The Night of the Generals, the 1967 film directed by Anatole Litvak, stars Peter O’Toole, Omar Sharif, Donald Pleasance, Tom Courtenay, Joanna Pettet, and Philippe Noiret. This film in my opinion is not only the best war movie ever made, but also one of the top ten movies of all time, and it’s a murder mystery! Today as promised I have a guest on board who actually agrees with me. He is a WWII veteran, so I suppose he should know what he’s talking about. For reasons of privacy, the town he comes from will be kept under wraps as well as his last name.
“Charley, the town you come from boasts a higher percentage of nonagenarians than any other municipality in this country. To what do you attribute such amazing longevity?”
“We take care of one another, Deary, that’s what a town is supposed to do, so we damn well do it.”
“What do you like about The Night of the Generals? Is it a question of accuracy? Or something else?”
“I don’t go to the movies for accuracy; I went to war for accuracy. When I came home, I wasn’t interested in watching a bunch of goddamn movies about what we just had to put up with for four years. Maybe you don’t know Deary, most of them movies about WWII were part of the war effort. We did out effort, so we didn’t need to watch them movies.”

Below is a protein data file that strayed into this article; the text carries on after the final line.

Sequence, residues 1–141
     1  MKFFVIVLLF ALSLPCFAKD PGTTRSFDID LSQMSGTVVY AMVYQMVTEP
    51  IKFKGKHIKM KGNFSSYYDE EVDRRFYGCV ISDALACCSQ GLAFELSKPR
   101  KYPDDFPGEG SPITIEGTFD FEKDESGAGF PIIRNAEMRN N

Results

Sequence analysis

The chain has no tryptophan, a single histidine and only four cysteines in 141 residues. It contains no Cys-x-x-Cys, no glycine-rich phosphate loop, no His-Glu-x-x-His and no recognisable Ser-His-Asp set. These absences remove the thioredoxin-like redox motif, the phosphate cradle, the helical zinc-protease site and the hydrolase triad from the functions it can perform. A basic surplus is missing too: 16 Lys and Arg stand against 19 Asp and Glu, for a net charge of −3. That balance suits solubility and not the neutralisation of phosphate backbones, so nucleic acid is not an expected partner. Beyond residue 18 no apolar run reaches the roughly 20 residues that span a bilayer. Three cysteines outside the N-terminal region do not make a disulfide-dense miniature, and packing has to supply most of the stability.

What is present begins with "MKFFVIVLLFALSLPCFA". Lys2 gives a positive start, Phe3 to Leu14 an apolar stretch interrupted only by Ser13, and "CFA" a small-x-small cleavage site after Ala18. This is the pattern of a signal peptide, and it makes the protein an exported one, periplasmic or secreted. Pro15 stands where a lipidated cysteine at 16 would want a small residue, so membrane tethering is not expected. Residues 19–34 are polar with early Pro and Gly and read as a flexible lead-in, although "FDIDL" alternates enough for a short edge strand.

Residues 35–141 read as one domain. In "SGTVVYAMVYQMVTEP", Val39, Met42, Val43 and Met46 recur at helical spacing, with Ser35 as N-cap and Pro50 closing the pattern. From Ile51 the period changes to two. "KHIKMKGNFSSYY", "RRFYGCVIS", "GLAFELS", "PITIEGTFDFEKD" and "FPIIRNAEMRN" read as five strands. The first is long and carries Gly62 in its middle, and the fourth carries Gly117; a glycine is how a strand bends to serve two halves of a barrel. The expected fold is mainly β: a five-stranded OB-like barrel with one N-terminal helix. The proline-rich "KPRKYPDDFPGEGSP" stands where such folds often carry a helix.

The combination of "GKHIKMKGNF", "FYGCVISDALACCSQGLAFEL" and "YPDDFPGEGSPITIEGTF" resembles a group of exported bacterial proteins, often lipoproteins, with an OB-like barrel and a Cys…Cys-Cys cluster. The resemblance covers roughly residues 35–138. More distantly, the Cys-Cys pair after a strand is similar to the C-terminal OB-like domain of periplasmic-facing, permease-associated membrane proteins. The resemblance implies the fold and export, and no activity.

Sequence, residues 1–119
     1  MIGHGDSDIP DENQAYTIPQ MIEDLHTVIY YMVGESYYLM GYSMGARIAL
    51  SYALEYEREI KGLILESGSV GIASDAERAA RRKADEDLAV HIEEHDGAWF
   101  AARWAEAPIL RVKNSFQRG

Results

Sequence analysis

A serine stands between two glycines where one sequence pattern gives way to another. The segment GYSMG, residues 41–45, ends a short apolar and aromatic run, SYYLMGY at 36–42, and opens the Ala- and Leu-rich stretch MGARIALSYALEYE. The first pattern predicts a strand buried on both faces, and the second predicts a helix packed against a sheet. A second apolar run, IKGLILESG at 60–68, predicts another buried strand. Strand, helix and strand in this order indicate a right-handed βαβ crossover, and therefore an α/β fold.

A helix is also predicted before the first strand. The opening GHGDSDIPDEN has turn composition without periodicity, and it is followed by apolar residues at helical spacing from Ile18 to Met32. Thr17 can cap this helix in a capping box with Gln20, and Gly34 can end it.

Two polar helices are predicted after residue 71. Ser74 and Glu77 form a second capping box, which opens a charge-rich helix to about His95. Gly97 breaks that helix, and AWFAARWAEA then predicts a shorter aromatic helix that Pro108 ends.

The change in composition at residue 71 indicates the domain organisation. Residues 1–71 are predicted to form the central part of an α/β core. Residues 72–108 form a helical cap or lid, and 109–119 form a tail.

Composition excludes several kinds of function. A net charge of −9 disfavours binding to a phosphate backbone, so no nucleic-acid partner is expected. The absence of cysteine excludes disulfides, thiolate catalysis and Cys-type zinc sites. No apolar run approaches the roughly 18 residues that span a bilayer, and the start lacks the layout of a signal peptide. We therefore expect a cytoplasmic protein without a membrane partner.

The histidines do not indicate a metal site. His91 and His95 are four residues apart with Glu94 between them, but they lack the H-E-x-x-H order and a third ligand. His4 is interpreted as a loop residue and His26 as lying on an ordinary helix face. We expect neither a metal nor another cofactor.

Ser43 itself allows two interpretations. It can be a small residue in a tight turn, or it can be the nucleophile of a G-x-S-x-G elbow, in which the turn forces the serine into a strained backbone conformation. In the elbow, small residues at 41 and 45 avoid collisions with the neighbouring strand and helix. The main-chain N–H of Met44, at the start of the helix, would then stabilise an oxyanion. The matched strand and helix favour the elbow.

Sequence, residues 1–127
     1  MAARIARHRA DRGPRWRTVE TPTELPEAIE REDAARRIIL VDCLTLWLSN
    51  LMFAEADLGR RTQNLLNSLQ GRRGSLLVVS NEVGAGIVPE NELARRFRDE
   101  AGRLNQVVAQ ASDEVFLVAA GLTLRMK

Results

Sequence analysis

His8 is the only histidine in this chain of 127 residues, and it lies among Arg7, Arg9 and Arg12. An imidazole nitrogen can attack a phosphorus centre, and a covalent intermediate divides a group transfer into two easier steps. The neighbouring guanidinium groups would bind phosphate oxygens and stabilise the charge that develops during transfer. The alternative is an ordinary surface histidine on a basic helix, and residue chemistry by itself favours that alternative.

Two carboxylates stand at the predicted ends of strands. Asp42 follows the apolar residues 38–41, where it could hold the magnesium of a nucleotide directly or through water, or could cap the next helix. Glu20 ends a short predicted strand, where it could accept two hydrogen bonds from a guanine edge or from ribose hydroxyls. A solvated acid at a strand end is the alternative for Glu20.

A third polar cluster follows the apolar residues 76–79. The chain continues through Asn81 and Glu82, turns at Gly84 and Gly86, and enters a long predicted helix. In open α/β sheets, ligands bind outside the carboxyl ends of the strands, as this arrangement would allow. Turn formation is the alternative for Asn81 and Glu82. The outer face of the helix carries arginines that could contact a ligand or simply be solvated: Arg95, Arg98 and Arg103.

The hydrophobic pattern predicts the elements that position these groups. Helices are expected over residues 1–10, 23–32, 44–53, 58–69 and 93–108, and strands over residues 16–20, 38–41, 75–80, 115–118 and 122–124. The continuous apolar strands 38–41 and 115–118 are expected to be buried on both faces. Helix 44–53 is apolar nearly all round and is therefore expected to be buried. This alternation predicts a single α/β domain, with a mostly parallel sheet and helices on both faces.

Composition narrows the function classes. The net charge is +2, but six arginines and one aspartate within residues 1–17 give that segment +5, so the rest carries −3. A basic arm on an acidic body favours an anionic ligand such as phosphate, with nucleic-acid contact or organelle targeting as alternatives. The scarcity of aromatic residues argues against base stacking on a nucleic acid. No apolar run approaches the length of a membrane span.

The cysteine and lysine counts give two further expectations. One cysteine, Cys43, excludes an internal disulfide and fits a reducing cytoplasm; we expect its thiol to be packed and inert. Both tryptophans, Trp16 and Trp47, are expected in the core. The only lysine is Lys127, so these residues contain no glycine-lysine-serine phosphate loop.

“Then what’s so different about this film? It is after all, a war movie.”
“Didn’t I tell you, Deary, that I was the D.A. for 50 years? And you know what that means; it means I spent a lot of time observin’ human nature. All those laws, I had to learn ’em sure enough, but it always comes down to human nature, no matter what. The Night of the Generals is about justice in a world that is burning. And when the world is burning, the only thing that can save it is justice. It’s all about a man, just one man and how he made a difference. Now you listen here, Deary, you heard me say one man, but I didn’t say goin’ it alone, did I? He had help, but if you took him out of the equation, then there would have been no story. Just like in my town, we are a town of individuals who help one another. We need more of that in this country, sure enough we do. You can put that in your bonnet and wear it, Deary.”